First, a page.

They were a short-lived band that released just one single before breaking up. But the legend of the Rising Sons has continued to rise. Small wonder: the group served as the launching pad for a pair of young musicians who grew up to become two of the world’s most adventurous and celebrated musical explorers.
The Rising Sons were formed in Los Angeles in 1965 by 17-year-olds Ryland Cooder and Henry Saint Clair Fredericks, better known as Taj Mahal, along with guitarist Jesse Lee Kincaid, drummer Ed Cassidy and bassist Gary Marker. Cassidy left soon after (he went on to become a founding member of the band Spirit) and was replaced by Kevin Kelley. Cooder sang and played six- and 12-string guitar, mandolin, slide and bottleneck guitar and dobro, while Mahal sang and played harmonic, guitar and piano. From the beginning, the band pursued a raw mix of blues, folk and rock and covered songs by Bob Dylan and Gerry Goffin and Carole King, as well as blues artists like Charley Patton and Robert Johnson.
The group began developing a following in Los Angeles around the same time as the Byrds, performing at clubs like the Troubadour and the Ash Grove. Coincidentally, Kelley was a cousin of the Byrds’ Chris Hillman. Soon, the Rising Sons were signed by Columbia Records, who assigned their hotshot young producer Terry Melcher to the band. The other acts Melcher was producing at the time? Paul Revere & the Raiders and the Byrds. There was clearly a rivalry with the Byrds, with some preferring the Rising Sons’ authentic folk-blues sound. Wrote one follower in the Los Angeles Free Press: “I’d much rather hear the Rising Sons than electrified Bob Dylan songs.”
The band had no shortage of material to record. Cooder, the son of folklorist parents, was well acquainted with traditional song material, while Mahal and Kincaid had cut their teeth in the folk scene in Cambridge, Massachusetts and absorbed plenty of influences. Armed with at least two dozen folk, blues and country numbers, the Rising Sons went into the studio with Melcher in September ’65 and May ’66. Columbia then rushed out a single, which featured a rollicking version of Rev. Gary Davis’ “Candy Man” and a funky rendition of Skip James’ “The Devil’s Got My Woman.” Backed by an initially heavy promotional campaign from their label, the band seemed poised for the big time.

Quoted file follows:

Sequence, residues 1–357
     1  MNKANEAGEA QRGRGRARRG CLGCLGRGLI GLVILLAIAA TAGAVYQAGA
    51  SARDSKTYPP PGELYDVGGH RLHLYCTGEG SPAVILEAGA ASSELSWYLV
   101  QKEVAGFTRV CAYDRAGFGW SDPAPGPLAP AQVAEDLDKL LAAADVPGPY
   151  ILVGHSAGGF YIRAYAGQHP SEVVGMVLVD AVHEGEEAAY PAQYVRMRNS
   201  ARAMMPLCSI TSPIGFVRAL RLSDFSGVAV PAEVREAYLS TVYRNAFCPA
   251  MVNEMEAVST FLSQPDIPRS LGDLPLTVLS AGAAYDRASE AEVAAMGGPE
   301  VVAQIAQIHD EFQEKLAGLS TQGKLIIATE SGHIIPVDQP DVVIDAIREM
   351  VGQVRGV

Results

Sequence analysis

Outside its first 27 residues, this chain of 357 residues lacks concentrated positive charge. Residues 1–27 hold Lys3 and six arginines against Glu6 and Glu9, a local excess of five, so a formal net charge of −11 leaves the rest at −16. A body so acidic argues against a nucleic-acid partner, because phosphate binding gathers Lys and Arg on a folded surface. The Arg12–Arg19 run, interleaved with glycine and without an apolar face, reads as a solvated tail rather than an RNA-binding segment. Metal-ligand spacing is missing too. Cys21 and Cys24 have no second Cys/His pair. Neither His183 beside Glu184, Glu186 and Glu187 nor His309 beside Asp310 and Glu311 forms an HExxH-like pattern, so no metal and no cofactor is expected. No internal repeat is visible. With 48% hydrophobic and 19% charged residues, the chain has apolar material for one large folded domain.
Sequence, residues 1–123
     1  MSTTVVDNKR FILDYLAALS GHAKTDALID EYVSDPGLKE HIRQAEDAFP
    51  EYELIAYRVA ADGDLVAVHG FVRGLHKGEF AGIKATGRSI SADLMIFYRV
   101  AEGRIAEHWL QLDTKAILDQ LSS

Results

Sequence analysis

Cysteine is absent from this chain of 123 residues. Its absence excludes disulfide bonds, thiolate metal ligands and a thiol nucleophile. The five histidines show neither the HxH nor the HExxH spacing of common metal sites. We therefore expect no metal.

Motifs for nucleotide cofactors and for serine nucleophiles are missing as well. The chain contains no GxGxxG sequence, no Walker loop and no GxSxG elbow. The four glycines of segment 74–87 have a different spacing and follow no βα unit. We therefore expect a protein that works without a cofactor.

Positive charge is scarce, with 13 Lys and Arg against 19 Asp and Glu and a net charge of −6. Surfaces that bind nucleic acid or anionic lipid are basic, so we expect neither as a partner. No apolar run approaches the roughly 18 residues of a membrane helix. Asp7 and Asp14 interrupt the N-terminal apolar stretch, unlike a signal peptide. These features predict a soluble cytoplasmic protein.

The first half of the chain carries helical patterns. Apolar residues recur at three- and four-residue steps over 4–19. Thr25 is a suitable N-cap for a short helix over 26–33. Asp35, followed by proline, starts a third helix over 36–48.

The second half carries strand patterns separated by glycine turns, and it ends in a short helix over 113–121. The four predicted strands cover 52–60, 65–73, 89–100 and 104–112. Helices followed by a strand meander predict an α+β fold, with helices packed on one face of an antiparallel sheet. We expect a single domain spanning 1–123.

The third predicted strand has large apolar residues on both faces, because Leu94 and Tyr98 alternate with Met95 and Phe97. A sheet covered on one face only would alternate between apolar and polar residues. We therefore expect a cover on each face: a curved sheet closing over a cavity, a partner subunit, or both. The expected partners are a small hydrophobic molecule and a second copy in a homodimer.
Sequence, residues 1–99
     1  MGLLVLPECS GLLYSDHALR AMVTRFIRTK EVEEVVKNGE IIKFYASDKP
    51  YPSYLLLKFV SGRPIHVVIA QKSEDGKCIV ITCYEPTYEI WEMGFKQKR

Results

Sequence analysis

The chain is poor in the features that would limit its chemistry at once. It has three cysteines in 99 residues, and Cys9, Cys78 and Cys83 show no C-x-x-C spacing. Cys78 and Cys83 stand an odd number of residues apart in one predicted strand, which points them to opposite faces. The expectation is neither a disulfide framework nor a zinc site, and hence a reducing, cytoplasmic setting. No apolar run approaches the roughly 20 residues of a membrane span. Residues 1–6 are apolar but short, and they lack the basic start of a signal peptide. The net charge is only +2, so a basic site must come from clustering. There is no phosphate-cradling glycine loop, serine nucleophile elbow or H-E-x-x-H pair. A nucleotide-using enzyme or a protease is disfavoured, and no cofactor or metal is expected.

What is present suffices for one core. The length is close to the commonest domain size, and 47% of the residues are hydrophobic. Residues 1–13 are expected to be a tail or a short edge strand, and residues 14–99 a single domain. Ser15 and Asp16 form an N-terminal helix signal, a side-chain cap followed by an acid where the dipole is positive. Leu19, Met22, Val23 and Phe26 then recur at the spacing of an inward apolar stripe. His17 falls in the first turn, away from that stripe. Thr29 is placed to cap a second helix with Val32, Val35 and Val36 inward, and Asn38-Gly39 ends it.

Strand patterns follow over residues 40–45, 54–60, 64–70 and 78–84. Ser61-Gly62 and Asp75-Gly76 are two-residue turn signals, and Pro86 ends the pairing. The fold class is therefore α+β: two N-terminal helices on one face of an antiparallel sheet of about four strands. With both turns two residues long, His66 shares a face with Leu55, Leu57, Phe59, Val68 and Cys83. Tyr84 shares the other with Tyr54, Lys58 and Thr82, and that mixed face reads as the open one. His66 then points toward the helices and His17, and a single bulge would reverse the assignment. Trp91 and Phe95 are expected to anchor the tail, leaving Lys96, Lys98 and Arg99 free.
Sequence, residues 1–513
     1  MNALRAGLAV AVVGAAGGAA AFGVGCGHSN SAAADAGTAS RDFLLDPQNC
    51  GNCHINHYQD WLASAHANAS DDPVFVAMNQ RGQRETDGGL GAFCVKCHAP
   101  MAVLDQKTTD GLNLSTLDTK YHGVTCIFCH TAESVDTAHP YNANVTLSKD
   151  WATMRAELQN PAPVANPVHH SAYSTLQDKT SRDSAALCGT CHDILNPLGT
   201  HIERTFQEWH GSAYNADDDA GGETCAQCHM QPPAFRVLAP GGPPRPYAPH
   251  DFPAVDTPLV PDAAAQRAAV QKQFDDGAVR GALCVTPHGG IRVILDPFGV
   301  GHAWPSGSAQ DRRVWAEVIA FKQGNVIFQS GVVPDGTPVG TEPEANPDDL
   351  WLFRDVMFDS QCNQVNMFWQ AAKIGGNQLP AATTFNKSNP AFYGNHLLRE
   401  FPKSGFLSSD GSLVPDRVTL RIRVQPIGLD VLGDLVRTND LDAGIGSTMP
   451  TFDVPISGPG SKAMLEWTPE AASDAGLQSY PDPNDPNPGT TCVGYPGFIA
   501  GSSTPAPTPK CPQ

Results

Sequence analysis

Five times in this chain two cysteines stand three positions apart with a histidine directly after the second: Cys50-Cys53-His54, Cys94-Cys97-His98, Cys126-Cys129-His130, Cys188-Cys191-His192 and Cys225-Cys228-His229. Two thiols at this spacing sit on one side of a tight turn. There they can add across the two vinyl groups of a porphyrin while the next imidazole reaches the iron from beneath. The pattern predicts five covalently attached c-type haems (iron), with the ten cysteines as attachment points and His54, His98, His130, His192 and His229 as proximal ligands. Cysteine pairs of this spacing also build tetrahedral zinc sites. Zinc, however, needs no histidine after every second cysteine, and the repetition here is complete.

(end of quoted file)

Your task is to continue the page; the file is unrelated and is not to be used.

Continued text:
But then Columbia began dithering about how to market the group: was it rock, blues, country or a little bit of everything. As an album release kept getting postponed, the fighting began, with Melcher, with the label and within the Rising Sons themselves. By the fall of ’66, the band had imploded. At least one member blames the group itself for the breakup. “We were the problem,” Marker later remarked. “We had difficulties distilling our multiple musical agendas down to a product that would sell. We had no actual leader, no clear musical vision.”
All of the band’s recordings were sent into the vaults where they languished until 1992, when Columbia released a 22-track compilation titled Rising Sons—featuring Taj Mahal and Ry Cooder. “Legendary…Historical…Collectable…Until Now!” read the heading on the back of the CD. It’s true the band had become collectable, as Rising Sons recordings had been widely bootlegged for years.
One listen to the music today and it’s easy to feel the excitement of five musicians exploring diverse musical agendas. There’s a rambunctious take on Blind Willie McTell’s “Statesboro Blues,” a sunny country-tinged “Tulsa County” and a spirited cover of Dylan’s obscure “Walkin’ Down the Line.” Among the infectious mix of styles are tracks like the traditional “Corrina, Corrina” and Goffin/King’s “Take a Giant Step” that would become signature songs in Mahal’s later career.
Following the breakup, Cooder and Mahal each went solo and began sharpening their focus. Throughout their careers, they have delved progressively deeper in American roots music and collaborated with artists in genres and cultures from all over the world. It’s been an adventurous, spirited journey that began with the Rising Sons, a short-lived band loaded with promise.